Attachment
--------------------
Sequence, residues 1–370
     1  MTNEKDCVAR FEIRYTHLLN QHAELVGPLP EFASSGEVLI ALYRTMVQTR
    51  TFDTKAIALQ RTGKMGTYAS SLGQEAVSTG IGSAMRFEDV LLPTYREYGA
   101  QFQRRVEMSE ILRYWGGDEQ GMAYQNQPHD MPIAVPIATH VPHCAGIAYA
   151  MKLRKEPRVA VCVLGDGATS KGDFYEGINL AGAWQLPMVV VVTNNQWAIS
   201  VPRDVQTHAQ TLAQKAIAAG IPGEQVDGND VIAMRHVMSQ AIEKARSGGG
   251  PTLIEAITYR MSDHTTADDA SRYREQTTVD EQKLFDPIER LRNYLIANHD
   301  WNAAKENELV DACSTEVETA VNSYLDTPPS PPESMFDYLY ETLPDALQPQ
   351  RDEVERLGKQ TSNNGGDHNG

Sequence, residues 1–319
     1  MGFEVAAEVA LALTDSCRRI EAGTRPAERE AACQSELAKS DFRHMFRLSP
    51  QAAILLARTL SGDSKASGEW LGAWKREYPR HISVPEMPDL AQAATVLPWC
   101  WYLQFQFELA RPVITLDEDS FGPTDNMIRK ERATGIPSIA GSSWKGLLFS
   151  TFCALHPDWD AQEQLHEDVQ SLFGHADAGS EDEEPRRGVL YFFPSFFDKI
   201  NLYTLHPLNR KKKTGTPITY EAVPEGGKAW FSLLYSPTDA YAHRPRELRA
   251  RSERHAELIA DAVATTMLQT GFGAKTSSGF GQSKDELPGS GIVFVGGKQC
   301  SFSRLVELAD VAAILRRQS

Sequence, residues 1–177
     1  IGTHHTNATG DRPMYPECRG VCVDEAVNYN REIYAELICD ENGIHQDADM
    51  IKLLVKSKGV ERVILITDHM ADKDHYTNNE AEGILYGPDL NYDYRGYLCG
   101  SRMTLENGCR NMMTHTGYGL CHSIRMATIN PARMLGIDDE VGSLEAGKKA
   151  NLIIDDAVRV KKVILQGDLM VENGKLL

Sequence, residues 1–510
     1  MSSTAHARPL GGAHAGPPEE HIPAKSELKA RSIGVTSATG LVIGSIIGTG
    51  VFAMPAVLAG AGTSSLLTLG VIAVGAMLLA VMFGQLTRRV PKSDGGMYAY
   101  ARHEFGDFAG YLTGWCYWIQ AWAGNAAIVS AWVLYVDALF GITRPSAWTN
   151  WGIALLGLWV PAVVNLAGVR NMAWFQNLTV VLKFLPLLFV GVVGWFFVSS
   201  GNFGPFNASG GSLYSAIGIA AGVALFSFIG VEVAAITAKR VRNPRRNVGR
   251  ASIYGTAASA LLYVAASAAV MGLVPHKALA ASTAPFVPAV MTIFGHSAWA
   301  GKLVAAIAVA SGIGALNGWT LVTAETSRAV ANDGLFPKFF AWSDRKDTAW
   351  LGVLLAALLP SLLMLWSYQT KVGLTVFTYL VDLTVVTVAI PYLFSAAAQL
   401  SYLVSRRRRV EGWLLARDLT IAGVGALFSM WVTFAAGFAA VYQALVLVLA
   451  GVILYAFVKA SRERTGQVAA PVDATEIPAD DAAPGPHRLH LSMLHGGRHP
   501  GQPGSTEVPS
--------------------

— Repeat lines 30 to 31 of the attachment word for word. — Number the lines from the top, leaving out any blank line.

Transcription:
   301  GKLVAAIAVA SGIGALNGWT LVTAETSRAV ANDGLFPKFF AWSDRKDTAW
   351  LGVLLAALLP SLLMLWSYQT KVGLTVFTYL VDLTVVTVAI PYLFSAAAQL